The Alternative to Regime Change in Iran

The Alternative to Regime Change in Iran

Iranian society is not in a revolutionary mood.

To make the transition to a democratic state, not only should the reformists and moderates get the upper hand in the government, but democratic groups in the society must also be strengthened, so that the coalition of the two groups can push back against the hard-liners. The Iranian people are well aware that military attacks on Iran under the guise of “humanitarian intervention” will create another Iraq, Syria or Libya. As the elections demonstrated, Iranians in the diaspora who want regime change through military intervention have no influence or social base in Iran. Not only was their call for boycotting the elections rejected by Iranians living in Iran, but the percentage of the eligible voters who cast their votes actually increased relative to the Majles elections of 2012. Iranian society is also not in a revolutionary mood. That leaves peaceful changes from within as the only viable way of achieving democracy.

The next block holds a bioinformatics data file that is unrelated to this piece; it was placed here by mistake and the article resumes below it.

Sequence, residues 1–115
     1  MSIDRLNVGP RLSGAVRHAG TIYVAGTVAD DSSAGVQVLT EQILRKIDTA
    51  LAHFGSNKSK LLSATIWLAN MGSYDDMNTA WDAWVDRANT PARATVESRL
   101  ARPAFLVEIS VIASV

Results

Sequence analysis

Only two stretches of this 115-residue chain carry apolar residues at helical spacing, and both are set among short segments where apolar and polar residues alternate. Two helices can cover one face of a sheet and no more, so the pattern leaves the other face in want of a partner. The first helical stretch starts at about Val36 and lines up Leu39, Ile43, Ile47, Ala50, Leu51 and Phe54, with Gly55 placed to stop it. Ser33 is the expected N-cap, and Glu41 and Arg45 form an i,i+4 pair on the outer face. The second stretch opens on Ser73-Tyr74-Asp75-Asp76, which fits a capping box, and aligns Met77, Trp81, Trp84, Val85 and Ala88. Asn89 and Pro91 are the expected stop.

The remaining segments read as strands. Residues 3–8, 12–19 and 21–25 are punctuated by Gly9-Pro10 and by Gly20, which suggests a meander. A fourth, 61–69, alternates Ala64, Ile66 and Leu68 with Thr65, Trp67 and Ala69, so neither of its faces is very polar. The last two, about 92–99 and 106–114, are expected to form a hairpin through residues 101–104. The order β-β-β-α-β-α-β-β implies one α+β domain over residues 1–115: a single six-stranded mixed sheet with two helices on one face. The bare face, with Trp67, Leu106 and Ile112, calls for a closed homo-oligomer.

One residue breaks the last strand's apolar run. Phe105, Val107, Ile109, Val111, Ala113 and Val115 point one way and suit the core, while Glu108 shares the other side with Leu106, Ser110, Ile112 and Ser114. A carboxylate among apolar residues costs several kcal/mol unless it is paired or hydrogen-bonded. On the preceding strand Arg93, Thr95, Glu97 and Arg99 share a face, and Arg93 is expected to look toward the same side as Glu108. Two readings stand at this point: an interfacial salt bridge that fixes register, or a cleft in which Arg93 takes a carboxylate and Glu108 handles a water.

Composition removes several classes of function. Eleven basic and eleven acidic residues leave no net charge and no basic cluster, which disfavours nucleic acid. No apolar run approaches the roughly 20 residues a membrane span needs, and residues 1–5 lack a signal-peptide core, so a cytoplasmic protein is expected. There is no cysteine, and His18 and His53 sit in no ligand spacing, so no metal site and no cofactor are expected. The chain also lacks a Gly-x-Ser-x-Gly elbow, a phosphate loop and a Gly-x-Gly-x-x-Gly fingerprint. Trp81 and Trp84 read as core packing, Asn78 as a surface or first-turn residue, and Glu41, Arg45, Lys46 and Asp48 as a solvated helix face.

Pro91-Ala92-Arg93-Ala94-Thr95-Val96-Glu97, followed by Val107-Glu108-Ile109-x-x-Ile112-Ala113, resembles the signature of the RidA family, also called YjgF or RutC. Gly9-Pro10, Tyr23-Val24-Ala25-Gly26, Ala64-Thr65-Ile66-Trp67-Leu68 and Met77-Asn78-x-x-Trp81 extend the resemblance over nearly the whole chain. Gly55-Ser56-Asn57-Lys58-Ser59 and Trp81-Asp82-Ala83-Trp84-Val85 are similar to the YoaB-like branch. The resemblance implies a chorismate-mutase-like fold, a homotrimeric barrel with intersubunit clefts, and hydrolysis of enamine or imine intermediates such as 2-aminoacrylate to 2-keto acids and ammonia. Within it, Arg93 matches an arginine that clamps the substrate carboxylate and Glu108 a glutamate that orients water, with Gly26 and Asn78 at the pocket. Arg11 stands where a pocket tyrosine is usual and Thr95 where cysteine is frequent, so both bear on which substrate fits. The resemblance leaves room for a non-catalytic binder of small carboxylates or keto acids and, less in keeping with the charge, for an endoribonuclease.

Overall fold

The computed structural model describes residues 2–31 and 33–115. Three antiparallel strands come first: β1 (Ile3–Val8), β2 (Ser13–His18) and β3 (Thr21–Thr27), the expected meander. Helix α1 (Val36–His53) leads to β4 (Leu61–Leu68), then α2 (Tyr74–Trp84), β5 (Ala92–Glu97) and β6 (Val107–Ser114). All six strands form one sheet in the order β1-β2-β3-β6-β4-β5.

Iran, the land of one of the oldest human civilizations, needs a democratic system that respects the human rights of its citizens, not regime change that will destroy it.

Akbar Ganji is an Iranian investigative journalist and dissident. He was imprisoned in Tehran from 2000 to 2006, and his writings are currently banned in Iran. This article was translated by Ali N. Babaei.

Image: Wikimedia Commons/Hamed Malekpour